ROWING has been added to the list of sporting activities available to wounded, injured and sick servicemen, women and veterans in the region – thanks to backing from royalty.
Phoenix House, a recovery centre for veterans and service personnel in Catterick Garrison, has been able to set up a rowing club through a fund created by the Royal Foundation, and now residents are receiving expert coaching from Durham Amateur Rowing Club.
The Endeavour Fund, created by the Royal Foundation of The Duke and Duchess of Cambridge and Prince Harry, is supporting a Row2Recovery domestic rowing programme to introduce more wounded service personnel and veterans to the sport.
DARC is offering fortnightly sessions on the River Wear for Phoenix House residents and those keen to take the experience further will then receive coaching up to competition level.
Phoenix House manager Mo Usman is encouraging all users to have a go at rowing after he met the two amputee soldiers who recently rowed the gruelling 3,000 miles across the Atlantic, alongside two able-bodied comrades, to raise money for Help for Heroes.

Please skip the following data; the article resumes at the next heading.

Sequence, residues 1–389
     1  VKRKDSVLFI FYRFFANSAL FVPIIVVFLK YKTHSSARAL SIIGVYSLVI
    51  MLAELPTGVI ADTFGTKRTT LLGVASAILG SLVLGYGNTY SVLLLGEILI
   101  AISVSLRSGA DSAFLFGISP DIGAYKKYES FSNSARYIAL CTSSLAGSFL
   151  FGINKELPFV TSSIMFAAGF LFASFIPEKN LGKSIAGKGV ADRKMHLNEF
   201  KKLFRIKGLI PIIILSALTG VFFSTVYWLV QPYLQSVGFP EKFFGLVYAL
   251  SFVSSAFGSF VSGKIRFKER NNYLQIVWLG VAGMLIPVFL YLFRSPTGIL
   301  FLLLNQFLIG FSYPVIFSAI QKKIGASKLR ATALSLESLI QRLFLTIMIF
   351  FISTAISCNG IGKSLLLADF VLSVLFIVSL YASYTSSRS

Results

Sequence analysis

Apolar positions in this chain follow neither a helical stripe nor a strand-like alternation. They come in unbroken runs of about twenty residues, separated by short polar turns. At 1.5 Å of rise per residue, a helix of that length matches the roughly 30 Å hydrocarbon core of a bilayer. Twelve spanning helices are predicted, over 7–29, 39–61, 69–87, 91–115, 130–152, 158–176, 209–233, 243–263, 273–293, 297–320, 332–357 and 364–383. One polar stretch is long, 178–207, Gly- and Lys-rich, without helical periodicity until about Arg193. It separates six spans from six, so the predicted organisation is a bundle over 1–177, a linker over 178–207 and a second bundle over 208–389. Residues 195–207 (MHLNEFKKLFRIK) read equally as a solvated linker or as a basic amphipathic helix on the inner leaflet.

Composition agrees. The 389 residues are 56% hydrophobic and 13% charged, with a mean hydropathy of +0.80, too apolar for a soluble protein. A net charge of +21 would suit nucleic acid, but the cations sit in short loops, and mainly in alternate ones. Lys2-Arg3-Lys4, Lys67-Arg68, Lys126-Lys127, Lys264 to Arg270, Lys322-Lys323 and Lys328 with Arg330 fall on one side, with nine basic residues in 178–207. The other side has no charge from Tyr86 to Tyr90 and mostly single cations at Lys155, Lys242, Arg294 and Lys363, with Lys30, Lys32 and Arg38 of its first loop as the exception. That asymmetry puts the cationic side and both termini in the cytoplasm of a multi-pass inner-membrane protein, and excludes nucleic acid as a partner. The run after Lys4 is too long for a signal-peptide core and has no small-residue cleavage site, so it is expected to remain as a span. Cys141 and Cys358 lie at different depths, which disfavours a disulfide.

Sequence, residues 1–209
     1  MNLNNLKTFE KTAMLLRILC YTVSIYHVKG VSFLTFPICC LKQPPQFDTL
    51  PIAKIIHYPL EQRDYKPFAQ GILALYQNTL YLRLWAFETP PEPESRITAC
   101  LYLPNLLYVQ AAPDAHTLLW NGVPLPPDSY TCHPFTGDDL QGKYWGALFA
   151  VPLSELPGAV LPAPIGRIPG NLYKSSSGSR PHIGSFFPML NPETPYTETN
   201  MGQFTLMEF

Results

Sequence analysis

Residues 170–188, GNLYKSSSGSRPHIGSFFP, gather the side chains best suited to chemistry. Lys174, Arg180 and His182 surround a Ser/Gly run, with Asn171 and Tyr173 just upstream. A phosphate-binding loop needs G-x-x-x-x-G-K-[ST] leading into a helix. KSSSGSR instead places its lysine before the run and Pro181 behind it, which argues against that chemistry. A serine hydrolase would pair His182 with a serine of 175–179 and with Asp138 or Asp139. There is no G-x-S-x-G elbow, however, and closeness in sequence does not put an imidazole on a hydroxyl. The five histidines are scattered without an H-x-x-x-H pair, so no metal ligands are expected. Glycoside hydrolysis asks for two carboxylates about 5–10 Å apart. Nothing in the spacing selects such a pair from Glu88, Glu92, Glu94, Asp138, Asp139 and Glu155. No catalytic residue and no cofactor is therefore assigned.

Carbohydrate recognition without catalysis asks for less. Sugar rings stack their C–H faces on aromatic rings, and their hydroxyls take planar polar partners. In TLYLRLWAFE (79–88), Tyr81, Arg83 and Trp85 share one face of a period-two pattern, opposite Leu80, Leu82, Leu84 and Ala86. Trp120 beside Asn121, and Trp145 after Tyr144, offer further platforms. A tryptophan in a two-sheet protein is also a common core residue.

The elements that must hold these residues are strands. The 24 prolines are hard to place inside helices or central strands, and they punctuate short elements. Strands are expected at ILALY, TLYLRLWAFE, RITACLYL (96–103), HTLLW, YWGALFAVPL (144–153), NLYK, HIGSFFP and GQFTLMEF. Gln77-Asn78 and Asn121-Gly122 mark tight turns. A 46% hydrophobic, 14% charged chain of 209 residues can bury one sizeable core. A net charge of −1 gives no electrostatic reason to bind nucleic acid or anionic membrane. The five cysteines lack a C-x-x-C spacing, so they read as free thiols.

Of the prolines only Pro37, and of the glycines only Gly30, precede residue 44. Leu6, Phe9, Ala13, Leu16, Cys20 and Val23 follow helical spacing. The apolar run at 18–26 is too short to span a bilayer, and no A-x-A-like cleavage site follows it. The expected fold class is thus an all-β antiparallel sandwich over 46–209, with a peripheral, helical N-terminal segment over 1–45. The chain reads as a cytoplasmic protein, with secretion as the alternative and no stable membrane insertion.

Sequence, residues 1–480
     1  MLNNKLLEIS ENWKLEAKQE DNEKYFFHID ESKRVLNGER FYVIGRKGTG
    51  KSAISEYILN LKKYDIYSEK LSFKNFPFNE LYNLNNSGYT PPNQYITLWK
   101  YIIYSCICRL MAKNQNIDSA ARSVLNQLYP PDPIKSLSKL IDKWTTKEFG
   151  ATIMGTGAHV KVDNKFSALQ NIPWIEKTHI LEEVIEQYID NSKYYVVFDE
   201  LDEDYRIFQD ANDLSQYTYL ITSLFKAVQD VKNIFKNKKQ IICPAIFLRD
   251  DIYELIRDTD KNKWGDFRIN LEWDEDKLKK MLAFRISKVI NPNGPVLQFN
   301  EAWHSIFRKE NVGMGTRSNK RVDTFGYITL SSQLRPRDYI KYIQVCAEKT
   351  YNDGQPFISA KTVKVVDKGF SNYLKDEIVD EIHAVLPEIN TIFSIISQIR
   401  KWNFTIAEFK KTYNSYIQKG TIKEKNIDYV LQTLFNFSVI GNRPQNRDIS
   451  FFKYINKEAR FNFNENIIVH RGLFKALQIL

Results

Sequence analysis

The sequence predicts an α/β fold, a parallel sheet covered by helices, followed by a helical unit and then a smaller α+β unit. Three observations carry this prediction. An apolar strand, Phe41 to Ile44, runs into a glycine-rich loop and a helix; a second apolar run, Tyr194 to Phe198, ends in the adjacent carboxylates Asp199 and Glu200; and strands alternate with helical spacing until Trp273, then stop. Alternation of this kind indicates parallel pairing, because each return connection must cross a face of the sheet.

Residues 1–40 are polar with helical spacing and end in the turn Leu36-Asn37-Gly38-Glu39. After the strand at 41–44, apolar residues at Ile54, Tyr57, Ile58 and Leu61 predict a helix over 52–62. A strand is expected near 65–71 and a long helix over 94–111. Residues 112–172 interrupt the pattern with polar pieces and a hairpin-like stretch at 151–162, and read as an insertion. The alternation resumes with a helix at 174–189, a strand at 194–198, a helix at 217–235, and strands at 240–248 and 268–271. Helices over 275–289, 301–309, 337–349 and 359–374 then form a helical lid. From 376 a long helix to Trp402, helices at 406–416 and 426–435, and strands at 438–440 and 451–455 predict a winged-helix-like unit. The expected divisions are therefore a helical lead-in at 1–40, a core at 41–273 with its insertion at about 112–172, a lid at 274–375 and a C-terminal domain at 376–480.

Mr Usman was among guests at Henley rowing club – the headquarters of Row2Recovery - when HRH Prince Harry presented the four rowers with medals to mark their achievement.
He said: “There is a plethora of activities becoming available for wounded, injured and sick servicemen, women and veterans but rowing is the one with real potential to proliferate.
“It can be done by an individual, pairs or a larger team and taken to Paralympic level.
“Having supporters such as Prince Harry means a lot those who participate in it and, hopefully, will encourage more people to do so.”
To contribute to The Northern Echo's £100,000 appeal for a performing arts facility at Phoenic House, print out the form at http://www.thenorthernecho.co.uk/resources/files/31397, complete and send with a cheque for Help For Heroes to Phoenix House Recovery Centre, Richmond Road, Catterick Garrison, DL9 3AW.